"Now of course you know she has problems…" I remember hearing this said about a certain woman. It was as if her "problems" categorized her. Period!
This morning I read an excerpt from Gary Thomas’ new book, Devotions for a Sacred Marriage. He writes concerning our temptation to see others as worse sinners than ourselves:
Humans arguing about who is holier is like a couple of twenty five handicap golfers fighting over which one of them can drive the ball farther–while Tiger Woods watches over their shoulder. We’re all so many degrees below God’s standard of perfection that even the holiest of humans is in desperate, aching need of God’s gracious mercy and forgiveness.
While we tend to rank certain sins, in the glory of God’s goodness every mark of sin–whether an errant attitude, a prideful spirit, or a lust of the flesh–is vile and offensive in his sight. I’ve seen wives who abuse food disdain husbands who struggle pornography; I’ve seen controlling and arrogant husbands disdain wives who watch too much television. Both seem blinded to their own shortcomings.
We’ve not called to judge our spouses–ever; we are called to love them. We are not called to recount their failures in a Pharisaic game of "I’m holier than you"; we’re called to encourage them…
Sometimes, we get so focused on one thing:
"Well I just don’t like her language."
"He has a way of reminding everyone of his successes."
"She needs to be at home more."
The truth is, we are all flawed, sinful, imperfect human beings. Thomas goes on to suggest that we pray for people whose flaws are so apparent to us.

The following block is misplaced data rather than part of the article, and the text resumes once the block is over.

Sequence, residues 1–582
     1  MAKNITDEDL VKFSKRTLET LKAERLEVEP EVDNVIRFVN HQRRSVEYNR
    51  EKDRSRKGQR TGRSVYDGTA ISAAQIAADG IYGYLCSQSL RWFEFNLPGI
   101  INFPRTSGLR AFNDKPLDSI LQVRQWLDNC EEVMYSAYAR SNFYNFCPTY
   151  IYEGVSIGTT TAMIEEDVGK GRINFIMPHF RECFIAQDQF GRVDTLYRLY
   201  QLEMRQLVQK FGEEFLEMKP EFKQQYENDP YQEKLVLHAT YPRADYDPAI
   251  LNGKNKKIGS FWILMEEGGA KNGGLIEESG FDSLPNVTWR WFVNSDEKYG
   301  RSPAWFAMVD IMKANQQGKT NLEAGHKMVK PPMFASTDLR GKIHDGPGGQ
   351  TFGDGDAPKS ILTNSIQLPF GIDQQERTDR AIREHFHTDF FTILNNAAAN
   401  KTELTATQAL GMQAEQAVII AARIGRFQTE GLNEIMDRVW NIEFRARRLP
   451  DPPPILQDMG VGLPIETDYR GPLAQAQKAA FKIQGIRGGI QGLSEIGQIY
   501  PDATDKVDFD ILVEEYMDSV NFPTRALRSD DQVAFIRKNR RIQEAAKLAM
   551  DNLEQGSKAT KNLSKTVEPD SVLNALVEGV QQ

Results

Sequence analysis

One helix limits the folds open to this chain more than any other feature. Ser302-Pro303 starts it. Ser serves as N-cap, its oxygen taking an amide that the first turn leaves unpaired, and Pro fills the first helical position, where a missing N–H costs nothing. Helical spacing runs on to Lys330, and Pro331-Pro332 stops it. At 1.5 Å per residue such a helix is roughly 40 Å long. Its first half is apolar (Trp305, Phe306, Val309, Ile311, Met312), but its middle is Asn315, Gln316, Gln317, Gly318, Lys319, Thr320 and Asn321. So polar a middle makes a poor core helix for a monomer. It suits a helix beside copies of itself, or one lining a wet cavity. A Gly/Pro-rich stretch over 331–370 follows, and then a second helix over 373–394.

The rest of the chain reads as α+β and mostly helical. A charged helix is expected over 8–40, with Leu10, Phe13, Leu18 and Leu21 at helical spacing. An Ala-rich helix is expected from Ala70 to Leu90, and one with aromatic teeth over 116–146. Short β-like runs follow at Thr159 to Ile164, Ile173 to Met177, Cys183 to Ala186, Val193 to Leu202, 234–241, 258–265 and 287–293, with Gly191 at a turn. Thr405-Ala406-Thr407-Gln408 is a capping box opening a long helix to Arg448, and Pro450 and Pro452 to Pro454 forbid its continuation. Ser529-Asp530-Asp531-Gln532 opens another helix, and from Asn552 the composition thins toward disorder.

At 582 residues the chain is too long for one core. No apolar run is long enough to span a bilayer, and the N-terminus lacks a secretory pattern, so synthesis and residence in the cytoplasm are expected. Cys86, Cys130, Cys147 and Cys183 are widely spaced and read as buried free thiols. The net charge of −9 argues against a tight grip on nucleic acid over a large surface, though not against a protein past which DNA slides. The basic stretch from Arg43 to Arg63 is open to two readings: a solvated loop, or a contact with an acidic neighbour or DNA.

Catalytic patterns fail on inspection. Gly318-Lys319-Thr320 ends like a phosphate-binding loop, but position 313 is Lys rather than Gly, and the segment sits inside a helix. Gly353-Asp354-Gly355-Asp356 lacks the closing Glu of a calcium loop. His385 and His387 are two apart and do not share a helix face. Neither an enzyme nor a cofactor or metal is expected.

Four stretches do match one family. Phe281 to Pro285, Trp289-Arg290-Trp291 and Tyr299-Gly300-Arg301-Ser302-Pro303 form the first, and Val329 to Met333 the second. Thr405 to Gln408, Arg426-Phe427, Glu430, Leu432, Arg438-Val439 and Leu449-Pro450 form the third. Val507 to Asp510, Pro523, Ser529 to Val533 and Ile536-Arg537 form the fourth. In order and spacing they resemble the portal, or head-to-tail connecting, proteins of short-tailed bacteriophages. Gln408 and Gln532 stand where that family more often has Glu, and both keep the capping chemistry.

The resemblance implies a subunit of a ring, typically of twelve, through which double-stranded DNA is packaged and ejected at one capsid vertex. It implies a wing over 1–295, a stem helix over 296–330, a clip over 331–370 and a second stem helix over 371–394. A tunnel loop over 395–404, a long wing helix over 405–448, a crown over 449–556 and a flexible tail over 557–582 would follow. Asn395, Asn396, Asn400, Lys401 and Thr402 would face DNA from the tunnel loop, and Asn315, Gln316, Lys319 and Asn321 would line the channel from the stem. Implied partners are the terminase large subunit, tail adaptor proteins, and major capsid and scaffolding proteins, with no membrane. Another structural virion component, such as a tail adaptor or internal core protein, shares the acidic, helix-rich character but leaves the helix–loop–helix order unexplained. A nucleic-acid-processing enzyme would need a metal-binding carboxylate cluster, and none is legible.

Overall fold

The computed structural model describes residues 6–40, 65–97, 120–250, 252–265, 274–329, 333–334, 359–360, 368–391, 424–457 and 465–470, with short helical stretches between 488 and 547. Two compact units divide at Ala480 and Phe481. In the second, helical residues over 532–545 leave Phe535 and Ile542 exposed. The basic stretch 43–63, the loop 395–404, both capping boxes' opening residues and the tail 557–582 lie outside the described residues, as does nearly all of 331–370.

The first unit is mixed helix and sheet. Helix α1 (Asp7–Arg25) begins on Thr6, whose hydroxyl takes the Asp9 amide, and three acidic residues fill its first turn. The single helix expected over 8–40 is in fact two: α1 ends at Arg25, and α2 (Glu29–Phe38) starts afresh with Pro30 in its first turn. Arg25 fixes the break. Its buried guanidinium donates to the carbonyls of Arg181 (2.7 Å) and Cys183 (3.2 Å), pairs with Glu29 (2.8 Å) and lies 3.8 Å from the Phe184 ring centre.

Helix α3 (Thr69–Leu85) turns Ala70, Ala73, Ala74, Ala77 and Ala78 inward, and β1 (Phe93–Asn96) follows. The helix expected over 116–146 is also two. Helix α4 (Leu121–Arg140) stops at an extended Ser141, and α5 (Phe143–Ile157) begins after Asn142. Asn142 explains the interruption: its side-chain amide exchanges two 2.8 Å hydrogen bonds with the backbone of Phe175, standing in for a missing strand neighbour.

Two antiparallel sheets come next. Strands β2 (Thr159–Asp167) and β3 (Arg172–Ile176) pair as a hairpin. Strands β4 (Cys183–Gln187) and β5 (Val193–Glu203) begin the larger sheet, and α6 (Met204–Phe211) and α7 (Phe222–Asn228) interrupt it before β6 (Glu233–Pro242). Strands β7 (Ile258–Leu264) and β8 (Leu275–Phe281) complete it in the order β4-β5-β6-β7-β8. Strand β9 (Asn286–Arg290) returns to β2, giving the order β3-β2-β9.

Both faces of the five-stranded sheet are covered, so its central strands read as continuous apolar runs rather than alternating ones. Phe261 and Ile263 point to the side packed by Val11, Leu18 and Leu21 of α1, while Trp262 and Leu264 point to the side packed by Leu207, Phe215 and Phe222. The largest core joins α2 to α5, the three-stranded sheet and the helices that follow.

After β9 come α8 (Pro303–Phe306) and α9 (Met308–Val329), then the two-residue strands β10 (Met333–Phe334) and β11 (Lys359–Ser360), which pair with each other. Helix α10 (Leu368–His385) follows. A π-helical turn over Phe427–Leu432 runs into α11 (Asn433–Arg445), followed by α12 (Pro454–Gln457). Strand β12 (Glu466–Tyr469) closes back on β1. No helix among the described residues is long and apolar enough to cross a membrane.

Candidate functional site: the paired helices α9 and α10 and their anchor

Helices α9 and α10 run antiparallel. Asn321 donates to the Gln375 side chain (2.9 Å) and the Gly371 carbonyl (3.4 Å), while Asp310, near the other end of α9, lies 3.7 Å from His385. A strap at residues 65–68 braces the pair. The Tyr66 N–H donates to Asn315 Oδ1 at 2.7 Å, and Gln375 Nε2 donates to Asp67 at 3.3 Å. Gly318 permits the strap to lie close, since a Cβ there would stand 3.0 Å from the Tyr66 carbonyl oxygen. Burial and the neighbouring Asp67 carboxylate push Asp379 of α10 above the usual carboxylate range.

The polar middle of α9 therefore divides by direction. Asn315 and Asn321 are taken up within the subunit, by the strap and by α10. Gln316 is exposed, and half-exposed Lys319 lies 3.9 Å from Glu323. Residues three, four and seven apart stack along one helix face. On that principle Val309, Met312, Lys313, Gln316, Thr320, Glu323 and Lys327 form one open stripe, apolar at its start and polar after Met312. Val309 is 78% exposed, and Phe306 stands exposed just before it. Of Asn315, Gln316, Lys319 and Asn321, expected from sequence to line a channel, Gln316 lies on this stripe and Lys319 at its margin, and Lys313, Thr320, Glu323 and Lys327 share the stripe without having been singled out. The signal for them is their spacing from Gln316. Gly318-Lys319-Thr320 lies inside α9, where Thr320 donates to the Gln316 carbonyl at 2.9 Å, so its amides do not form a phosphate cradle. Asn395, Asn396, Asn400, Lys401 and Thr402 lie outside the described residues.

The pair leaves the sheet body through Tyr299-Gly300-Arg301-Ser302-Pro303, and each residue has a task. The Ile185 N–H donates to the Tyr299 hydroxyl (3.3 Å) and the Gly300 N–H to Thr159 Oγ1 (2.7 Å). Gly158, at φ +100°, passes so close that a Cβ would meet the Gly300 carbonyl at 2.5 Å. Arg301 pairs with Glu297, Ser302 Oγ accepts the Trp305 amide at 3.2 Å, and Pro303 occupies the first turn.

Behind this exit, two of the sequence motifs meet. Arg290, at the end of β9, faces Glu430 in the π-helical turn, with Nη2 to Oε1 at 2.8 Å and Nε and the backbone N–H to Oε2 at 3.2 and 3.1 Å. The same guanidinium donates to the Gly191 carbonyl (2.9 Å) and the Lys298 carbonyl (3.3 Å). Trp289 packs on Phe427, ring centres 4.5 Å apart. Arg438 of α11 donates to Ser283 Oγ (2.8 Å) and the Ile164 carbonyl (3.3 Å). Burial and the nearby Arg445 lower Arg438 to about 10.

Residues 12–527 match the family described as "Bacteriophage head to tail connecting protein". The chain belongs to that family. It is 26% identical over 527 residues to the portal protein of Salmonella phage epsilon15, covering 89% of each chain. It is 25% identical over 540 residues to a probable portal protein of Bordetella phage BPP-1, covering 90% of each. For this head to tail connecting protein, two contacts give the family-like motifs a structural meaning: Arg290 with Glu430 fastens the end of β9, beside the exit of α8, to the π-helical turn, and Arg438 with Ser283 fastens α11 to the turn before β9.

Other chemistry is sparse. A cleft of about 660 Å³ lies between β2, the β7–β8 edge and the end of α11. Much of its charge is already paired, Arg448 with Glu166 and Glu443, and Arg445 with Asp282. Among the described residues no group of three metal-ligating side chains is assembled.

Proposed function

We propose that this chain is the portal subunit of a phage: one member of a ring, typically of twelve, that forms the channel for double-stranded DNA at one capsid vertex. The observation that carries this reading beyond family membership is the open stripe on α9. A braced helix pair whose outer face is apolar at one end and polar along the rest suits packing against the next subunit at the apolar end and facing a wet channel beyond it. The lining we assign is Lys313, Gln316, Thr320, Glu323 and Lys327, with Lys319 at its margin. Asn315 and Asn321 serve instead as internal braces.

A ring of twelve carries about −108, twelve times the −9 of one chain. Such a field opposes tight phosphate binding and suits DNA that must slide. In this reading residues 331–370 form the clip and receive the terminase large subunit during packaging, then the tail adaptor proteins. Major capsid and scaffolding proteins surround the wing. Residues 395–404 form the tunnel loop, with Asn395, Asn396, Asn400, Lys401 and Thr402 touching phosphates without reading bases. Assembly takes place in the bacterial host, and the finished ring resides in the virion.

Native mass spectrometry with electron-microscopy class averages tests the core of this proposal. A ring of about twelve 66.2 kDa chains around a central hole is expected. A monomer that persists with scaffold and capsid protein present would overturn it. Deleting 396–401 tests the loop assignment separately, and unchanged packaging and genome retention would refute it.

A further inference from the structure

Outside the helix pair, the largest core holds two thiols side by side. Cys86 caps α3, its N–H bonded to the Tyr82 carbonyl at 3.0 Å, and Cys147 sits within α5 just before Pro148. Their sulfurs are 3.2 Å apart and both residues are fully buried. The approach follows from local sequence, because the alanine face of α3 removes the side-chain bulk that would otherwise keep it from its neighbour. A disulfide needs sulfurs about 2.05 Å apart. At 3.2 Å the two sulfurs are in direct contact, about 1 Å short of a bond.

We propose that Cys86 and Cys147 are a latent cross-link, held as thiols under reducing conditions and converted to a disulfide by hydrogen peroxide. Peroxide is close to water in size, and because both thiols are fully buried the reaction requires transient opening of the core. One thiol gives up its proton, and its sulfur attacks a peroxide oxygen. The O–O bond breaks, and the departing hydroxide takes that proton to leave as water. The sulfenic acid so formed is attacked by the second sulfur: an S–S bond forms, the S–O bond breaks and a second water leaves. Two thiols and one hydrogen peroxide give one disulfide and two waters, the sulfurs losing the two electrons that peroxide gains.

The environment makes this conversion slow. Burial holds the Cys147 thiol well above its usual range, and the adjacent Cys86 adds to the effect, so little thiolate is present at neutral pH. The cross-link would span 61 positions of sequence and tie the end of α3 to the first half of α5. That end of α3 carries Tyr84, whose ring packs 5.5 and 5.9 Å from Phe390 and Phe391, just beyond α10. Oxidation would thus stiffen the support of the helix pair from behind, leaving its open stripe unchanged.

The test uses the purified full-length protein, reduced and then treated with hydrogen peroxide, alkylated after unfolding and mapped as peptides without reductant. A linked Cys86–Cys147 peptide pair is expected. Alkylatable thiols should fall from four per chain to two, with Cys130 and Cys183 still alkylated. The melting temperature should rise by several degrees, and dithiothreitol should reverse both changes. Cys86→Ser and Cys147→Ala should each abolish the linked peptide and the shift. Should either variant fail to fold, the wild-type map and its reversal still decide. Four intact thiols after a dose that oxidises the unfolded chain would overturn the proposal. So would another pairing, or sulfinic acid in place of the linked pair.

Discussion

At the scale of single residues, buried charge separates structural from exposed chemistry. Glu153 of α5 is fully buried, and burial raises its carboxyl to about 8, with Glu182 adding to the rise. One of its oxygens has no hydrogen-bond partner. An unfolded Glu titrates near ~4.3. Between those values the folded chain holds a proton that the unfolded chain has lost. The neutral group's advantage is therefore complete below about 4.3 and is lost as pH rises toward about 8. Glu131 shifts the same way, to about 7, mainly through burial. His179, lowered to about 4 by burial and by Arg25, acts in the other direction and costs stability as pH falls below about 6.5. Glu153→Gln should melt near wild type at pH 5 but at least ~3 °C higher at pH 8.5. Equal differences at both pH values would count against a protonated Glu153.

Are you spending more time asking God how you can love your spouse like he or she has never been or ever will be loved, or are you endlessly repeating your spouse’s failures and presenting God with a laundry list of things you want him to change?
1. I need to stay focused on the "plank" in my own eye instead of "the speck of sawdust" in another’s eye (Luke 6:41:42). (Surely that includes our spouses).
2. When I do see a "plank" (something that is obviously wrong) in someone else’s eye, I need to pray that I will genuinely love that person. (Sure I will pray that this person will change. However, I need to be praying that God will help me to show an incredible love toward this person. (Again, surely that ought to include our own husbands and wives).
3. Beware of a critiquing mentality. Some of us constantly "size up" one another. We get overly focused on how others don’t measure up. Instead the focus should be on how God might use me to encourage another. (That might make an incredible difference at home. Instead of spending each evening steamed about my spouse’s faults, I might need to be thinking, "How can I encourage her?")